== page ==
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Dr. Morcos, 

My name is Richard Truman and I am a retired U.S. Marine and Beirut Veteran.  I am currently the Membership Chair for the Beirut Veterans of America.  I want to apologize for the delayed response to your contacting our organization, but your article brought back memories that have been stored away in a compartment in my mind that as you can imagine, I try not to access.  Even now, it's with great trepidation that I put "pen to paper," or in this case keystrokes to email.

I arrived in Beirut in May of 1983 as a young 20-year-old helicopter crewchief with Marine Medium Helicopter Squadron 162 (HMM-162).  HMM-162 was the air combat element of the 24th Marine Amphibious Unit (MAU).  I don't think that many of us really know what our role as peacekeepers in Beirut would entail, we only knew that we were there to help the Lebanese people.  I remember flying around the city and as I flew by the Holiday Inn, pockmarked by bullet holes and other weapons, I kept thinking to myself that this must have been a beautiful city in the fifties and sixties.  I didn't have much interaction with any of the locals except for the vendors in and around the airport and those that came to our small area of the airport called Rock Base.  I always wondered what the Lebanese people thought of our presence in their city.

I read your article and was instantly touched.  It's a story from the other side.  It's from an individual that I was there to help, in trying to restore peace to his country and yet on that particular day, you helped us and for that, I am forever grateful.  Your story somewhat mirrors mine, not in what we were at the time or by what we have since become, but I too helped an injured Marine.  In the fall of 1982, to help occupy my time off, I became an EMT and was a volunteer with the Jacksonville (NC) Rescue Squad.  By the time that the events of 23 Oct occurred, I had already faced the death of a young teenager in a single motor vehicle accident.  Even with that, I had no idea of the magnitude of the dead and injured that I would see that day or the following day.  On the morning of the bombing, instead of flying to transport the wounded to the ship, I was asked to help the ship's medical department (USS Iwo Jima) in triaging and treating the wounded as they arrived.  To say that we were overwhelmed is an understatement.  At one point, the chief surgeon grabbed me to help him with a seriously injured Marine.  As the doctor assessed the Marine, I held his hand.  He said to me "don't let me die."  This Marine was in bad shape with a bad head wound, a tension pneumothorax and he needed a tracheotomy.  As the doctor performed the tracheotomy, I had to insert a chest tube.  I had no idea what I was doing, but the doctor walked me through the procedure as he was performing the tracheotomy.  Finally, my Marine was stabilized and I moved on to the next patient.  The rest of the day was a blur.  Even though you were a 4th-year medical student and I was just an EMT, we did what we could, with the knowledge that we had at the time and we did our best.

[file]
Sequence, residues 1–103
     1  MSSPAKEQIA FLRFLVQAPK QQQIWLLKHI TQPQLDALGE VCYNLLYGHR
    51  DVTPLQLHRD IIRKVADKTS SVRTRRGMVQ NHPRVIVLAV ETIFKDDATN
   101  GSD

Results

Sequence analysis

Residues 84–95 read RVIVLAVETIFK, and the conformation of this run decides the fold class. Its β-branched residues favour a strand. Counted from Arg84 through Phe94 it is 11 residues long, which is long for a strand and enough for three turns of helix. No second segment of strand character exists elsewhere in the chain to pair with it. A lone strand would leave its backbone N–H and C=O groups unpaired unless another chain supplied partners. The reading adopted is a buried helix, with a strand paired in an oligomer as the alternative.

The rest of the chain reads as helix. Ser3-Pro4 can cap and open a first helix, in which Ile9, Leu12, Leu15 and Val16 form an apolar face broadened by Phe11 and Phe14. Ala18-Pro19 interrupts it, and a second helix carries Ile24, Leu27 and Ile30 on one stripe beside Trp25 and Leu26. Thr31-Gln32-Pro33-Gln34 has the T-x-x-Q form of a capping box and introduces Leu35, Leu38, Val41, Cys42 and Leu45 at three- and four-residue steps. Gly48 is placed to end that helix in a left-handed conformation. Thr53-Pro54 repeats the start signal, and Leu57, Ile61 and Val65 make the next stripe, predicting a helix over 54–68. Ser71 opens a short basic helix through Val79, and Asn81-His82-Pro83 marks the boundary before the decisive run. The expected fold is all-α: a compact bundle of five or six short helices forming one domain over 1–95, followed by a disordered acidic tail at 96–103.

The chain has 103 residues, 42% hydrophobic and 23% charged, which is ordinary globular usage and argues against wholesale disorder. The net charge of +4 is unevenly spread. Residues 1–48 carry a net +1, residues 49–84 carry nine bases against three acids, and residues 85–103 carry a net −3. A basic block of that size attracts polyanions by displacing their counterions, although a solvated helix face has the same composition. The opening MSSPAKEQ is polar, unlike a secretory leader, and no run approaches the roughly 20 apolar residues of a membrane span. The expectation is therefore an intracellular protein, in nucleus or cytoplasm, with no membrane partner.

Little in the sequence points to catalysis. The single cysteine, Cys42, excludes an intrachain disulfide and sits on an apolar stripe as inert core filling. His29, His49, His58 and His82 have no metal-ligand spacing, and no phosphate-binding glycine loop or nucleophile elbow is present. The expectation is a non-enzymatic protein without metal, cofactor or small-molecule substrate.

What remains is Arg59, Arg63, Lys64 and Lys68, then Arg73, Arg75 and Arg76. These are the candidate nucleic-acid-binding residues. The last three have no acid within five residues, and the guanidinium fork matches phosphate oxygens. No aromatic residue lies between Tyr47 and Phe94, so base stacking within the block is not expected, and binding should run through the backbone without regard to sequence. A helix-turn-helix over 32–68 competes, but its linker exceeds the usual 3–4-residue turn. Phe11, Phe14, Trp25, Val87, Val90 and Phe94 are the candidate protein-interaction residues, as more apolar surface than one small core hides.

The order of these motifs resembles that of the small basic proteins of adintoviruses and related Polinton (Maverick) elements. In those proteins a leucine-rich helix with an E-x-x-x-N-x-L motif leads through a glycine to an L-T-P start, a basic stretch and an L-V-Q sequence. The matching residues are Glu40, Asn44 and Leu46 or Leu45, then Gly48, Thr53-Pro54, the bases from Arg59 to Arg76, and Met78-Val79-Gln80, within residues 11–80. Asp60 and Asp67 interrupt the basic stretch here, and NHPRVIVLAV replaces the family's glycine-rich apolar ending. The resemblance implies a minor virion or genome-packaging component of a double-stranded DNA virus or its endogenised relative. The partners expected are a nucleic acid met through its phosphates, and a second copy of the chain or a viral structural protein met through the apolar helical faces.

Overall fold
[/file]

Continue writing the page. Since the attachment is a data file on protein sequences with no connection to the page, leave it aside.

In 2008 at the 25th-anniversary memorial services held annually in Jacksonville, NC, I saw a Marine at our memorial wall and I knew at once that this is the Marine that I helped treat that day.  Up until that point in time, I had no idea if he had lived or not.  We chatted for a few minutes and then parted ways.

With your permission, I would like to share your Journal article (with a slight redaction) in our Root Scoop II newsletter.  Maybe the Marine that you helped that day, survived and will read your article.  If you would like to attend the annual memorial services in Jacksonville, NC, we would love to have you.  Typically, the memorial services coinciding every 5th year from 23 Oct 1983, draw the largest crowds.  The next one will be in 2023, so you may have a better chance of finding your Marine.

Thank you for sharing your story with us.

Semper Fidelis.


Richard Truman, Membership Chair, Beirut Veterans of America, Inc.